WASHINGTON (Reuters) - Donald Trump endured some blunt exchanges when he met Republican members of Congress on Thursday but several lawmakers, including past critics, emerged with encouraging words about their presumptive White House nominee.
Republican aides cited good attendance from both houses of Congress at the two closed-door meetings, even though some lawmakers made a point of staying away, citing previous commitments.
The New York businessman-turned-politician has sought in speeches and meetings in recent weeks to unite the party behind his unorthodox candidacy and to reassure Republican leaders about his conservative credentials.
In a Miami speech on Friday, Trump will say the economic policies of Democrats like President Barack Obama and Hillary Clinton, the party’s presumptive nominee, have harmed minorities, said Steve Moore, a Trump economic policy adviser.
Trump drew 41 of 54 Republican senators to the U.S. Senate meeting where he called out three senators who had been critical of his candidacy, according to Republican aides familiar with the meeting.
Trump campaign manager Paul Manafort said the meetings with lawmakers were positive and productive, adding characterizations of discord “attributed to unnamed sources, are wholly inaccurate.”
Trump also met privately with Senator Ted Cruz, his former rival for the Republican nomination. They did not discuss an endorsement but Cruz did accept Trump’s invitation to speak at the Republican National Convention in Cleveland the week of July 18, Cruz spokeswoman Catherine Frazier said.
At the first session on Thursday, with members of the House of Representatives, Trump shared a hug with House Speaker Paul Ryan, a Republican who has often criticized Trump even while endorsing him, lawmakers said.
They joked a bit about some of their past exchanges during an hour-long session, and Trump took questions.
“I’m going to make you proud,” Representative Bill Flores quoted Trump as saying.
Trump won grassroots support during months of state-by-state nominating contests for the Nov. 8 election with a pledge to ban Muslims temporarily from entering the United States and to build a wall on the U.S. border with Mexico. He regularly annoys party leaders with inflammatory remarks.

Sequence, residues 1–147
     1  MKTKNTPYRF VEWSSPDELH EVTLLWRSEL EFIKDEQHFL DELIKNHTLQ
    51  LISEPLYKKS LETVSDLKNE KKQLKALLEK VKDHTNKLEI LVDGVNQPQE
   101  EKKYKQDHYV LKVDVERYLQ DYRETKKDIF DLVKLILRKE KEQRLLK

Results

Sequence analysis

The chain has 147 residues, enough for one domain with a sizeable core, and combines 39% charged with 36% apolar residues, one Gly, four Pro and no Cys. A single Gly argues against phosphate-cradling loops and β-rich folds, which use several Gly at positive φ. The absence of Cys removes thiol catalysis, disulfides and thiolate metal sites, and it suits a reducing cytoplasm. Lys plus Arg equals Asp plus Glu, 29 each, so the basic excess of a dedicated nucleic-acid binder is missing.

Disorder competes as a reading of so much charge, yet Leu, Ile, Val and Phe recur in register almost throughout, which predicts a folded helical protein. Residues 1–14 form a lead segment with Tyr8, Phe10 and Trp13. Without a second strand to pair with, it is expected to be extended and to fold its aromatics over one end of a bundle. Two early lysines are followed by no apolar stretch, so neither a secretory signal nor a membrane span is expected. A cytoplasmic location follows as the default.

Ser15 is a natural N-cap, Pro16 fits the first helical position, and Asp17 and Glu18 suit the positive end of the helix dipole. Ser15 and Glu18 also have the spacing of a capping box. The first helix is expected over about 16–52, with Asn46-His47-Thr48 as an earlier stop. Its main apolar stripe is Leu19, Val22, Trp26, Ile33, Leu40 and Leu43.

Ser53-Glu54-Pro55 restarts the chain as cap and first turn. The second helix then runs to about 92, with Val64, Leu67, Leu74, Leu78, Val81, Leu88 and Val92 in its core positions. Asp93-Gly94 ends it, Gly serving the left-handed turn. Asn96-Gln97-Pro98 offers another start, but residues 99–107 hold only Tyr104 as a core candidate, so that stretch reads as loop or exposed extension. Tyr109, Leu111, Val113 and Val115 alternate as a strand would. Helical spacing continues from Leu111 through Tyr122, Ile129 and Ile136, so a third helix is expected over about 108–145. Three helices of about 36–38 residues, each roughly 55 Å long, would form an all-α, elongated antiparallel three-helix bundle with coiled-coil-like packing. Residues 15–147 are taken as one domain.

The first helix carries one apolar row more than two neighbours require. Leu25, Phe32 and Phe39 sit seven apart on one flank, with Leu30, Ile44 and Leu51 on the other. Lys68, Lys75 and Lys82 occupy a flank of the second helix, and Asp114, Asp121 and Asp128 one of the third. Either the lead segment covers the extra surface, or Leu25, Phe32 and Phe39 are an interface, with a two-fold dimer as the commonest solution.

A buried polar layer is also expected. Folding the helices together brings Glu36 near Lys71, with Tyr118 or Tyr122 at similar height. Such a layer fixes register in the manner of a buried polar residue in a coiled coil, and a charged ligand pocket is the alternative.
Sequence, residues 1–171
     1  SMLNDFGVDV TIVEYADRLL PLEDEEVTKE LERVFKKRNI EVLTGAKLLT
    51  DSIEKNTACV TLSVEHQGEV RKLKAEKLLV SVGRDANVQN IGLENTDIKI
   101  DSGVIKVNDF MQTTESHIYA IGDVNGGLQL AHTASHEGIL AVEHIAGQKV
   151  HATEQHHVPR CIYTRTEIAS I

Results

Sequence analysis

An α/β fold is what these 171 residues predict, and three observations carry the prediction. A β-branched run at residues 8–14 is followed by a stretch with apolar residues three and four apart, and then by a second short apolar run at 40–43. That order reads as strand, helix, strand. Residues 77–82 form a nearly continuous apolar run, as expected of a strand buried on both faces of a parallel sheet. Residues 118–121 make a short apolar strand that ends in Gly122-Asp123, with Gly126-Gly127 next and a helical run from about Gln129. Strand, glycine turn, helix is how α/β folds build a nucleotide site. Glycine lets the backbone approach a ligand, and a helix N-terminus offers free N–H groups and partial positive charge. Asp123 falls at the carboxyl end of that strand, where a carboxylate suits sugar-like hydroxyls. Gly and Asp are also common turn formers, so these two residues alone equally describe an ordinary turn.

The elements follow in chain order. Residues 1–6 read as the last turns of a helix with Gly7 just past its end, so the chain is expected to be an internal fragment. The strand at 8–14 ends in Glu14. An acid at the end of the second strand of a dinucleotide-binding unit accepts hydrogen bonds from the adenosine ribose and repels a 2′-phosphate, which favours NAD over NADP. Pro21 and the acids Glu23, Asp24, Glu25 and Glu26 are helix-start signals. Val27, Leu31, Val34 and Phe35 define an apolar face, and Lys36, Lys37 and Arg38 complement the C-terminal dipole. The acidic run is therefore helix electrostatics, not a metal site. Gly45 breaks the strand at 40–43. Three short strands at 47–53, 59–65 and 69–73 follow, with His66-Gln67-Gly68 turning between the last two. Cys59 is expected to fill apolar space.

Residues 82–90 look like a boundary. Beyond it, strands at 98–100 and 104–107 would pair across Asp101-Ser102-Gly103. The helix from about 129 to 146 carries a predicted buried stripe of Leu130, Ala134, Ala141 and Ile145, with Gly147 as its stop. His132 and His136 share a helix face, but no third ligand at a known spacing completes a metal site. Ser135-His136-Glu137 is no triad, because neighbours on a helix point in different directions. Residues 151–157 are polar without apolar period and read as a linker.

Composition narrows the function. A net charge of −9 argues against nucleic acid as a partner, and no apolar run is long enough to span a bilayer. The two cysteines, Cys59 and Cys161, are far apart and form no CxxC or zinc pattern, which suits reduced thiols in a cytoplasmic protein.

Flores, a Texan who heads the Republican Study Committee, the largest conservative grouping in Congress, had criticized Trump, including for having questioned a U.S. judge’s motives because of his Mexican ethnicity. Flores had said he wanted to see “more vision and less trash talk” from the presumptive nominee.
After Thursday’s session, Flores said he felt better about Trump. “Based on what I have heard today, I’ve got the confidence that you are going to see a lot more in terms of visionary messaging,” Flores said.
“Today was extremely positive,” said New York Republican Peter King, another representative who has criticized Trump. “There was not one negative moment.”
But not everyone was won over. “I need to be persuaded,” said Representative Charlie Dent, a moderate Republican from Pennsylvania who said he would not support either Trump or Clinton.
Trump’s session with Republican senators sounded more turbulent.
The Washington Post reported details of a combative exchange between Trump and Senator Jeff Flake, an Arizona Republican who has expressed concern that Trump’s comments on immigration will cause Hispanic voters in the state to reject him.
When Flake stood up and introduced himself, Trump told him, “You’ve been very critical of me,” the Post said.
“Yes, I’m the other senator from Arizona — the one who didn’t get captured — and I want to talk to you about statements like that,” Flake responded, referring to Trump’s past dismissal of Senator John McCain’s record as a prisoner during the Vietnam war.
The senator urged Trump to stop attacking Mexicans; Trump predicted that Flake would lose his re-election, at which point Flake informed Trump that Flake was not up for re-election this year.
Flake’s spokesman Jason Samuels said the Post account was accurate.
Trump also turned to Senator Ben Sasse of Nebraska, who has refused to endorse him, and “said something along the lines of ‘Surely you don’t want Clinton,’” one Republican aide said of the session.
Trump said he would win also in Illinois, the home state of a third Republican critic, Senator Mark Kirk, who is in a tight re-election race and recently withdrew his endorsement of Trump.
“He’s wrong,” Kirk told reporters several hours later.
“I think Trump is going to get a vote like Alan Keyes got, which is about 28 percent,” Kirk said, referring to the Republican who ran unsuccessfully for senator against Obama in Illinois in 2004.
Trump’s Twitter posting as he left Washington showed no sign of discord. “Very interesting day! These are people who love our country!” he tweeted.
Reporting by Susan Cornwell; Additional reporting by Kouichi Shirayanagi; Editing by Howard Goller